The postmodern organizations to be found in most contemporary societies are subject to rapid change and rapid growth; furthermore, they have become complex as a result of attempts to accommodate this change and growth
Those who are leading (and learning) into the future, will find the order that underlies much of the chaos in contemporary organizations. If these leaders are to learn into the future, they will have to be intellectually honest—acknowledging the chaos that inevitably underlies much of the apparent order to be found in contemporary organizations.
We had moved in our postmodern world into a form of global capitalism that requires high levels of consumption, which in turns requires ceaseless transformation in style, a connoisseurship of surface, an emphasis on packaging and reproducibility.
We must discard that which is superficially interesting but transitory and determine that which we individually and collectively should attend to at any point in time.
Major shifts have occurred as our world has moved from a premodern era (based in the extraction of natural resources and craft work) to a modern era (industrial and human-service based). Shifts of a similar magnitude are now occurring throughout the world (and particularly in the Western world) as we move into a postmodern world.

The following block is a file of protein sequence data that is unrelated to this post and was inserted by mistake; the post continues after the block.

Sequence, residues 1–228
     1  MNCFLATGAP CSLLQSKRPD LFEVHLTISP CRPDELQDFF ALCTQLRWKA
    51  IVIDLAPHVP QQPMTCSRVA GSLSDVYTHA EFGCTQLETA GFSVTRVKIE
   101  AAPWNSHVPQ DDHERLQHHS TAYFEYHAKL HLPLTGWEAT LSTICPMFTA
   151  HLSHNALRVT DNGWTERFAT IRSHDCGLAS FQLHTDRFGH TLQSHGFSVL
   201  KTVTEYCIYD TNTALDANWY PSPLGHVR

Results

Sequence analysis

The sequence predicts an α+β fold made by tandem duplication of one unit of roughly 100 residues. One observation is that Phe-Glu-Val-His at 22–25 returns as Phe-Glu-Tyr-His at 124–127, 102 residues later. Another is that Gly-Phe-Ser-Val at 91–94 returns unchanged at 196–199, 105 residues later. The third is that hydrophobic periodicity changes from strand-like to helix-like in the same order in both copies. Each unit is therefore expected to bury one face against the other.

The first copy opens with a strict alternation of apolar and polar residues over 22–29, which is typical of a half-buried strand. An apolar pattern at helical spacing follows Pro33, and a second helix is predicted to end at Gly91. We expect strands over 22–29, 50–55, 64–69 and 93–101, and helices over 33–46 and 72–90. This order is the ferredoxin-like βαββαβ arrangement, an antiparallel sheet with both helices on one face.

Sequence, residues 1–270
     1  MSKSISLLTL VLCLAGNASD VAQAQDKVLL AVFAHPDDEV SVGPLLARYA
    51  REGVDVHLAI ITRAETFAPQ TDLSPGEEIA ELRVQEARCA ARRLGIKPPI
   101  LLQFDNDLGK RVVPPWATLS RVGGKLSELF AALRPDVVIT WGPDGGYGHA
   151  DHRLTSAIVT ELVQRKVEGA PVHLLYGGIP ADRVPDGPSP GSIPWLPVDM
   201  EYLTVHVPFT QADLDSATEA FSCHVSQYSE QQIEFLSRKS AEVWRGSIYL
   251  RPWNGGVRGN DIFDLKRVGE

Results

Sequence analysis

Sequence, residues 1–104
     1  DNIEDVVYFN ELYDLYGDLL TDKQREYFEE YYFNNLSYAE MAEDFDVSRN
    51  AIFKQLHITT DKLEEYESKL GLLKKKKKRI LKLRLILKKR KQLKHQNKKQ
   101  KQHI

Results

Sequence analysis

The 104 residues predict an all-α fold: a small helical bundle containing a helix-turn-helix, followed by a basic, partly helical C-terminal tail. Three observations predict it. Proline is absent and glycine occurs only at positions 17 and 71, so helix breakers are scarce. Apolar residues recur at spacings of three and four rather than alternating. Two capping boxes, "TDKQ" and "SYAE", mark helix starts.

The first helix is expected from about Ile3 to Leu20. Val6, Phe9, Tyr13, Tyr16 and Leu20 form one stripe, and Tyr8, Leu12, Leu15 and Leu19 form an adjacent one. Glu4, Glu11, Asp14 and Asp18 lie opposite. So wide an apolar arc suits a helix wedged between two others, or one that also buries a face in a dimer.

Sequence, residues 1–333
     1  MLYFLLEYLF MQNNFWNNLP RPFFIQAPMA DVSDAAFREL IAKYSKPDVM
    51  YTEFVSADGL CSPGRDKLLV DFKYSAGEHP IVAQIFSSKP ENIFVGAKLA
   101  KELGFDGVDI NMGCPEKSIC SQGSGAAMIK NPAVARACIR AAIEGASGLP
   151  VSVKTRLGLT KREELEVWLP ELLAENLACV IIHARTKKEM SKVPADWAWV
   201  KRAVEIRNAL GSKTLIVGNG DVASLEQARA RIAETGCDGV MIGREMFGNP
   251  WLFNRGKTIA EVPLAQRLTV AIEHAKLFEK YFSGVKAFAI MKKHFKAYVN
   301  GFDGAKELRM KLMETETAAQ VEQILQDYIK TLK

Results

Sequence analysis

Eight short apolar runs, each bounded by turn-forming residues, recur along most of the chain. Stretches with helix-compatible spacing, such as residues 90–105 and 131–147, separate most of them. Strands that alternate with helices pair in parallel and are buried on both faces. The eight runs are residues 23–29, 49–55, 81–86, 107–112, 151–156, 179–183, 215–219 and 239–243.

The leaders of organizations in the 21st Century often must deal with major challenges associated with the anxiety experienced by specific members of their organization, as well as the diffuse anxiety that pervades specific departments in the leader’s organization or the entire organization.
It is important to recognize both the newness of the world in which we are leading and the organizational and societal structures, problems and opportunities that we have inherited and that are emerging in our current world.
This essay concerns a critical concept as we prepare to lead into the future: the changes we are now experiencing are not reversible.